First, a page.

Robert Greenberg

Historian, Composer, Pianist, Speaker, Author

Archive for Leos Janacek

Dr. Bob Prescribes Leoš Janáček, String Quartets

I am well aware that today is July 4 and that, perhaps, the patriotic thing for me to do today would be to celebrate the national anthem of the United States – The Star-Spangled Banner – and, perhaps, a famous arrangement of that very anthem. Sadly, no-can-do, because it has already-been-done: just last year, in Music History Monday for July 4, 2022, and Dr. Bob Prescribes for July 5, 2022. Those posts – respectively entitled “As American as tarte aux pommes! Celebrating the Fourth with some Real American Music! or Tampering with National Property” and “Stravinsky in America” – together recount the story of The Star-Spangled Banner as well as Igor Stravinsky’s famous and most controversial arrangement of the anthem, made in 1944 and subsequently banned in Boston! I would humbly direct your attention to these two posts for appropriately “spangled” reading. As for today, we pick up where we left off in yesterday’s Music History Monday, with the Czech composer Leoš Janáček and his two superb string quartets: No. 1, subtitled “The Kreutzer Sonata” and No. 2, subtitled “Intimate Letters.” Leoš Janáček(1854-1928) Our impressions of Leoš Janáček tend to be conditioned by photographs taken of him later in life. […]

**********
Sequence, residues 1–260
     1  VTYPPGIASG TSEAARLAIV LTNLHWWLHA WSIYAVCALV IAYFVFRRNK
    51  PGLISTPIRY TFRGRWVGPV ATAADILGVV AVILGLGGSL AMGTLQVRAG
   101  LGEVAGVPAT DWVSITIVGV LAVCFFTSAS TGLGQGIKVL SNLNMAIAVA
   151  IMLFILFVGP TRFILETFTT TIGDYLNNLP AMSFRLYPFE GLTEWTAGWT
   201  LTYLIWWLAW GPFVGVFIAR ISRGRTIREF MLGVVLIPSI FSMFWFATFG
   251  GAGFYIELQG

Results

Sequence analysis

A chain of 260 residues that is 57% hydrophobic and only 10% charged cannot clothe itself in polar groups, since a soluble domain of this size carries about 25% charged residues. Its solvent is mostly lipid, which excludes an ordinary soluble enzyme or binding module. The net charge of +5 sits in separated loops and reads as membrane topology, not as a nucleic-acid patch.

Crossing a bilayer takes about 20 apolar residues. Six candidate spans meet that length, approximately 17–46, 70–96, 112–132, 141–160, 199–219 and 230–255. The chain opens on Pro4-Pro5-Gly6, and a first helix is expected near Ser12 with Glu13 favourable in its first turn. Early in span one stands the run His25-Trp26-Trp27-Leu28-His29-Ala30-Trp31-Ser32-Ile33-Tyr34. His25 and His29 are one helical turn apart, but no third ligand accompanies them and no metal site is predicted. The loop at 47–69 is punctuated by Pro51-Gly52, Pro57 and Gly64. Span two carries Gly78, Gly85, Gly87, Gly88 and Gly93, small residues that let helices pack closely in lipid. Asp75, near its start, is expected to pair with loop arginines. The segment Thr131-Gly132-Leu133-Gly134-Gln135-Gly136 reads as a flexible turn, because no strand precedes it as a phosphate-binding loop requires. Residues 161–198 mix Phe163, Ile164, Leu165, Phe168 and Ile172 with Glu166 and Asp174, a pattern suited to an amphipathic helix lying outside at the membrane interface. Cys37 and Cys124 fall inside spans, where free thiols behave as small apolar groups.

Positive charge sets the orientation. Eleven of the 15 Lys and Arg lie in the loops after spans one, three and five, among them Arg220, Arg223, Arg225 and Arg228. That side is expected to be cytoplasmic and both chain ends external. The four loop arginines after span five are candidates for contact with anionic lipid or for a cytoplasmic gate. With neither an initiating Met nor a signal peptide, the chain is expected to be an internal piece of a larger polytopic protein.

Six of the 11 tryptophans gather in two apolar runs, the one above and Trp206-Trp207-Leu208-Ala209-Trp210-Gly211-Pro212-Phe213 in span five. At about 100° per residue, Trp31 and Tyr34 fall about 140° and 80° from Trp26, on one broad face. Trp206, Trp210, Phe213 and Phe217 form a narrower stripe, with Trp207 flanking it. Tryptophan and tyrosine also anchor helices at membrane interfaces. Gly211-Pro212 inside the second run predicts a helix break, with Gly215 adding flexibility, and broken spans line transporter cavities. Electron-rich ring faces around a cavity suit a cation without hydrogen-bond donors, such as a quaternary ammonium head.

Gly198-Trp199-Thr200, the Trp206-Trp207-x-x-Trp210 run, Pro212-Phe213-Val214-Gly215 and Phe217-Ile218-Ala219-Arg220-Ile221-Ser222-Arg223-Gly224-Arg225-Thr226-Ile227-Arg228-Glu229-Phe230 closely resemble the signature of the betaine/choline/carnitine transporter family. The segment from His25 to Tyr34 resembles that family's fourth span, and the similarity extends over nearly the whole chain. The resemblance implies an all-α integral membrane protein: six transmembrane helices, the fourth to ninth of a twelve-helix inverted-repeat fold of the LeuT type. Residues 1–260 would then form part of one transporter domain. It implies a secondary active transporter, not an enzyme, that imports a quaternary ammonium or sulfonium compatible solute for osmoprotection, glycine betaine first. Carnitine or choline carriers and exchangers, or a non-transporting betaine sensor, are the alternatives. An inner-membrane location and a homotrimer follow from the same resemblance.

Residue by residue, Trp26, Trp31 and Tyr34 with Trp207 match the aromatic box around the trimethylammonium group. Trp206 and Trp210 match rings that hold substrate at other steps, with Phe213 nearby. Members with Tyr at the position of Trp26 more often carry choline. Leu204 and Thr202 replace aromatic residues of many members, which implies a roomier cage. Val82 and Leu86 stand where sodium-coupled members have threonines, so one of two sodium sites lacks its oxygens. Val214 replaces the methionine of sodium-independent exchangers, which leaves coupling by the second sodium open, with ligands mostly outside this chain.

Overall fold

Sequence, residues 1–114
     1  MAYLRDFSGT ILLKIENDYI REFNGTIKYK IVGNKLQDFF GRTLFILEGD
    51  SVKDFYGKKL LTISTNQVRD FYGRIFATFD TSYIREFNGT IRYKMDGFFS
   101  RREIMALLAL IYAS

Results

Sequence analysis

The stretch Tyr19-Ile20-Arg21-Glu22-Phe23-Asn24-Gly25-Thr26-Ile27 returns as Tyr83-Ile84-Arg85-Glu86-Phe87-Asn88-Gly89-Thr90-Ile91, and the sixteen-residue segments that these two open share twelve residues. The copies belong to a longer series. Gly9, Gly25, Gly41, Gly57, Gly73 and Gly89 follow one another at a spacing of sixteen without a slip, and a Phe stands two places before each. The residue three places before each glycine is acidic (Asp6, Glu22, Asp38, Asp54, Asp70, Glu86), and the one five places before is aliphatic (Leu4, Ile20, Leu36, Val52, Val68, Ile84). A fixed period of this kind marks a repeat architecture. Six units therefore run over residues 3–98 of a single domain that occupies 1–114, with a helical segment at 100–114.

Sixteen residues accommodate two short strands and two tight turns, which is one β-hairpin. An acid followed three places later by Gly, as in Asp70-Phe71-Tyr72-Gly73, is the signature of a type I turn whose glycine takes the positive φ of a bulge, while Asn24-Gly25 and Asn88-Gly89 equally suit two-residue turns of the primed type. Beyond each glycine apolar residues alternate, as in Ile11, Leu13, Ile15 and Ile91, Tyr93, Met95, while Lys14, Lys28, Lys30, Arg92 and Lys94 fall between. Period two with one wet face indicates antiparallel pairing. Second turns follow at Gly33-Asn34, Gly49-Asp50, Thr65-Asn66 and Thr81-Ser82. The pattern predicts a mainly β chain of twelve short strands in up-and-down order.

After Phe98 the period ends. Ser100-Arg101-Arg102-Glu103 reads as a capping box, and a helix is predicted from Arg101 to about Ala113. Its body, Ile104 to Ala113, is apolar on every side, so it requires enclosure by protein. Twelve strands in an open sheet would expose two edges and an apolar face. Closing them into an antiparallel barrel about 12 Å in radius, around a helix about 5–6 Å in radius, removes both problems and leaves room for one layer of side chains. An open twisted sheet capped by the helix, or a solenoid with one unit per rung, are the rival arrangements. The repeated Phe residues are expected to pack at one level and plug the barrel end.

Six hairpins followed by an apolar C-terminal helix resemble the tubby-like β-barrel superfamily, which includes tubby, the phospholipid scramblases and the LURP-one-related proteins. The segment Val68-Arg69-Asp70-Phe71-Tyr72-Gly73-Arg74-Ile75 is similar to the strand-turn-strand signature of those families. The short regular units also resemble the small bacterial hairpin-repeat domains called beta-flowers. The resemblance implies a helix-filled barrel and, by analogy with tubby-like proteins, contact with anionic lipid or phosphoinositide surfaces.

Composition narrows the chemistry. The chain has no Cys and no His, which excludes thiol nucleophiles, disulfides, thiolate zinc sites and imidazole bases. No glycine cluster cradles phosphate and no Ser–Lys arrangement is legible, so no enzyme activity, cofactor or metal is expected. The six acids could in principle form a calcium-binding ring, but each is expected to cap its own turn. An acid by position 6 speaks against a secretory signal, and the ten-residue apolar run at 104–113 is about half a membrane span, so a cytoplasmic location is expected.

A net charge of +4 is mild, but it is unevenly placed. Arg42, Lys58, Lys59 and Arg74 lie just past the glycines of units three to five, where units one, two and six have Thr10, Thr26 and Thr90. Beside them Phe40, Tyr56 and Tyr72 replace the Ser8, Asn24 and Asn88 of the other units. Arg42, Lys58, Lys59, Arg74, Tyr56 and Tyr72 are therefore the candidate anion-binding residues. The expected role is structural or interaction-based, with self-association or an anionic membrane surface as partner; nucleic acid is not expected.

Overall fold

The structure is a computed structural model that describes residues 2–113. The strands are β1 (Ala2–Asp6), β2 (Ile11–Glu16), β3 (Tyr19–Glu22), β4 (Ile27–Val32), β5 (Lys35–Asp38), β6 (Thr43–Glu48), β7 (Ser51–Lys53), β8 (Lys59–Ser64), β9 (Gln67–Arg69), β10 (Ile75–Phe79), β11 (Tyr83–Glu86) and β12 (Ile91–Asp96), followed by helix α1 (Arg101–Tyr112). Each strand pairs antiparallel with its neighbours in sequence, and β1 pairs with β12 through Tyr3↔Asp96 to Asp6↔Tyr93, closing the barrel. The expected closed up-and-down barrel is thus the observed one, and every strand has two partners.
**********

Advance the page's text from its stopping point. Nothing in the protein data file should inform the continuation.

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Music History Monday: Leoš Janáček: Composer, Patriot and Patriot Composer!

Today we mark the 163rd anniversary of the birth – on July 3, 1854 – of the Czech (Moravian) composer Leoš Janáček. First things first, as Janáček’s name is notoriously mispronounced by non-Czechs. His first name – Leoš – is easy enough: “Lay-osh.” But his surname is a challenge for those of us who have trouble moving our vowels. We will learn to pronounce it in two steps. Step one: place an accent on the middle syllable: “Ya–NA-check”. Step two: accent the first syllable as well – “YA-NA-check” – and say it quickly: “YA-NA-check”. Excellent. Dude /d(j)uːd/ was born in the village of Hukvaldy in the Moravia-Silesia (north eastern) region of today’s Czech Republic. At the time of his birth, Moravia was part of the Austrian Empire and Janáček’s hometown was known by its German name of “Hochwald”. Young Janáček had a first-rate singing voice. At 11 he received a scholarship to attend the Queen’s Monastery and School in the city of Brno (pronounced Bur-NO), the largest city in Moravia. The Queen’s Monastery and School was a first-rate music conservatory. Janáček studied singing, organ, and piano and he did well. After graduating at the age of 15, he attended the Royal […]

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